As you can tell, having additional AEDs for better coverage can facilitate rapid response in the event of an emergency. It is also important to let your staff and visitors know that you have a lifesaving AED program through widespread AED awareness initiatives and CPR/AED training!  

Here are 6 ways to drive AED Awareness in schools.

Consider additional barriers and obstacles

All facilities have barriers or other obstacles that might slow down your response times.

Empty,Reception,Area,In,Modern,Office

How do you calculate estimated AED response times for your facility?

For example, when you practiced the steps above, did you find that you had to traverse up stairs? Were there any locked doors? Even common office equipment can slow down your emergency response.

Here’s a list of common barriers and obstacles that might slow you down. Be sure to think about whether your facility has any of these restrictions and account for them during your AED placement planning process:

  • Stairs
  • Elevators
  • Locked doors, including locked offices, or doors with special keycode access that might not be available to all potential responders
  • Cubicles or desks
  • Separate buildings
  • One-way door access
  • Crowded rooms like cafeterias or busy entryways

Tips for AED Placement

Time of day you perform your analysis

Your initial reaction might be to try to time your mock emergency response when the office is slow and there are fewer distractions, but it actually may make more sense to try it during a normal time of day. This gives you a more realistic idea of what could be expected if an emergency were to occur during your facility’s normal office hours. It is possible that the hallways are more crowded, new obstacles emerge, and there are other unknowns that might be hard to replicate during a slower time of day. These observations can help you form a more well-rounded opinion as to the appropriate placement of AEDs.

Rate of incidence

In addition to planning how many AEDs you need based on the response time process described above, AED managers should also evaluate whether or not there are select locations at their facility where there is higher risk for Sudden Cardiac Arrest such as:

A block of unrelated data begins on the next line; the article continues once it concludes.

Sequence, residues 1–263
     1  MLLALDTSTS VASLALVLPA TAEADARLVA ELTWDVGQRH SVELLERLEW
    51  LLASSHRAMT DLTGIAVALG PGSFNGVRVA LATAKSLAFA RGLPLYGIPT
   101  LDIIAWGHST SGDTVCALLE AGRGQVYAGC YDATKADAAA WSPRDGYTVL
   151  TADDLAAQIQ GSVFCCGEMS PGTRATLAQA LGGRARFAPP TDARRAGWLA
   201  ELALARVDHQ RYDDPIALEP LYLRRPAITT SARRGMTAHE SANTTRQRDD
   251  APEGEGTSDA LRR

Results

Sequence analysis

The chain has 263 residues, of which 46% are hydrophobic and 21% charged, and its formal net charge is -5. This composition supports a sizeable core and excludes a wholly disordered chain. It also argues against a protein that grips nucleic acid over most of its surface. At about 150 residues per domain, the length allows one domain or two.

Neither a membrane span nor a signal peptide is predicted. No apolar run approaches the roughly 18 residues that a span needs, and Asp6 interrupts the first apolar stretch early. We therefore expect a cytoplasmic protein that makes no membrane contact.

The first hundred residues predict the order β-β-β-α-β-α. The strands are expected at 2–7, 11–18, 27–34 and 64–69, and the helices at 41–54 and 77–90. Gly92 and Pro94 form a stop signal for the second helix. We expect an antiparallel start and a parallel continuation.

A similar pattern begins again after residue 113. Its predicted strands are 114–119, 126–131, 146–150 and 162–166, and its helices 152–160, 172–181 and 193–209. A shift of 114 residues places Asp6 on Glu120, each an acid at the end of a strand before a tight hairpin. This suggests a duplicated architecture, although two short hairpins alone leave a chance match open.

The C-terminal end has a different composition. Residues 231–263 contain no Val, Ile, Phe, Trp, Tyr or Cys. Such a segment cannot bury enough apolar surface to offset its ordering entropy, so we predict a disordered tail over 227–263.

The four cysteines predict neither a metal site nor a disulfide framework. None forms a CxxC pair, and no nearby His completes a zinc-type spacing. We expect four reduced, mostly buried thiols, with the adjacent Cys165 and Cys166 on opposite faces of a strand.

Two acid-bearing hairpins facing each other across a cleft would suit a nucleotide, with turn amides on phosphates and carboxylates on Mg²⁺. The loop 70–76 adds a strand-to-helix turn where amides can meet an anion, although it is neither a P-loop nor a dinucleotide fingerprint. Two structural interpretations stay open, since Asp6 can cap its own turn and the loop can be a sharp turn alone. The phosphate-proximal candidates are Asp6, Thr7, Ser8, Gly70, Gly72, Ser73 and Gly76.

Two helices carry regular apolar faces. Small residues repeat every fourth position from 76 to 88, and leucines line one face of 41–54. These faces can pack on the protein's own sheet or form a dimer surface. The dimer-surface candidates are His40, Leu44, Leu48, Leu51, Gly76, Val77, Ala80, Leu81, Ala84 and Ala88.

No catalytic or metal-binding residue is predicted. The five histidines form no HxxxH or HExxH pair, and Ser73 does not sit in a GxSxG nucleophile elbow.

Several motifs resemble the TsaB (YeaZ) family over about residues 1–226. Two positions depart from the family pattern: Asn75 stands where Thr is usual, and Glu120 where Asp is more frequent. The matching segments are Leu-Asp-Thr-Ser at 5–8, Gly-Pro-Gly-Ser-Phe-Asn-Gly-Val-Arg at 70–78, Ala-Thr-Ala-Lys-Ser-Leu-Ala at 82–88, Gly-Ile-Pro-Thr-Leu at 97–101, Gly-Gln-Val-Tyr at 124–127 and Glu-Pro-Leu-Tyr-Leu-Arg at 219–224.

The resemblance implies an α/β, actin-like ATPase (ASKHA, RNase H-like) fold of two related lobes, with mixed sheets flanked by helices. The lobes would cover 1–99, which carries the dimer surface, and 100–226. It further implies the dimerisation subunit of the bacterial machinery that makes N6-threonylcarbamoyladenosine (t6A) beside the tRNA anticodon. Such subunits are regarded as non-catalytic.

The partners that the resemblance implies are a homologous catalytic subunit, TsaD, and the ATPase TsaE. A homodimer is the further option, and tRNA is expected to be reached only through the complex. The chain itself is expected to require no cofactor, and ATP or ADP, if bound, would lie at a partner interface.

• On-site fitness facilities
  • A high volume of personnel
    • Locations like auditoriums, large conference rooms, or cafeterias are common locations for AEDs. The more people that congregate in one area, the increased likelihood of a possible cardiac arrest. For this reason, AEDs are popular at highly populated locations like airports, theme parks, and shopping malls.

All facilities are different and your industry might have additional risks, so be sure to think about whether or not your location has any specific exposures that might increase risk and warrant AED placement.

ADA Guidelines and Properly Mounting your AEDs

The American with Disabilities Act has guidelines governing the accessibility of lifesaving equipment. The guidelines involve how far objects protrude from the wall and how high objects are mounted.

  • Projection Requirements (section 28 CFR 36,4.4.1) specify that objects projecting from walls with their leading-edge between 27” and 80” above the finished floor (AFF) shall protrude no more than 4” into walks, halls, corridors, passageways, or aisles. Fayetteville Apartments for Rent with Washer & Dryer
Mounted AED Illustration #1
  • Mounting Heights (Section 28 CFR 36, 4.2.5, and 4.2.6): Guidelines exist for cabinets and extinguishers that provide safety and/or access to safety equipment. The standards call for handles (including cabinet handles) to not be installed higher than 48” AFF for cabinets that allow for only a “forward approach in a wheelchair” to the object; and no higher than 54” AFF for those objects which allow for parallel approach.
Mounted AED Wheelchair Illustration #2-02

Note: the National Fire Protection Association (NFPA) also governs the placement of AEDs, calling for a maximum mounting height of 60” AFF to the top of the cabinet. Therefore, satisfying AHA requirements will also meet NFPA requirements.

Other AED Placement Considerations

When might you need fewer AEDs?

In some situations your facility may need fewer AEDs than you calculate using the “timed” AED Placement process described above. Some specific examples include: 

  • Unoccupied large buildings and vacant areas
  • Seasonal warehouses may only require the deployment of AEDs during staffed times. The AEDs might be re-located or re-allocated to other areas during the “off-season.”
  • Industries like security, who carry AEDs with them, might be able to respond quickly in a vehicle. These mobile AEDs may decrease the need for as many AEDs in fixed, physical locations as seen with other industries. 

AED Visibility

If your facility needs several AEDs but they’re not placed in highly visible areas, or they’re stored behind locked doors, responders won’t be able to easily grab and utilize the lifesaving technology in an emergency. To maximize their effectiveness, AED units should be available to all potential responders. 

AED visibility can be increased by placing devices in highly-trafficked areas and by using signage. 3-D wall signs above your AEDs will enable responders to find the nearest AED across a large room (much like spotting the nearest emergency exit) which can save precious time. 

Providing staff with informational materials about the AED program and letting personnel know what to look for can also increase AED visibility. 

With proper AED visibility, awareness about the program, and the right number of units for your facility, you are helping ensure the safety of your workforce and visitors!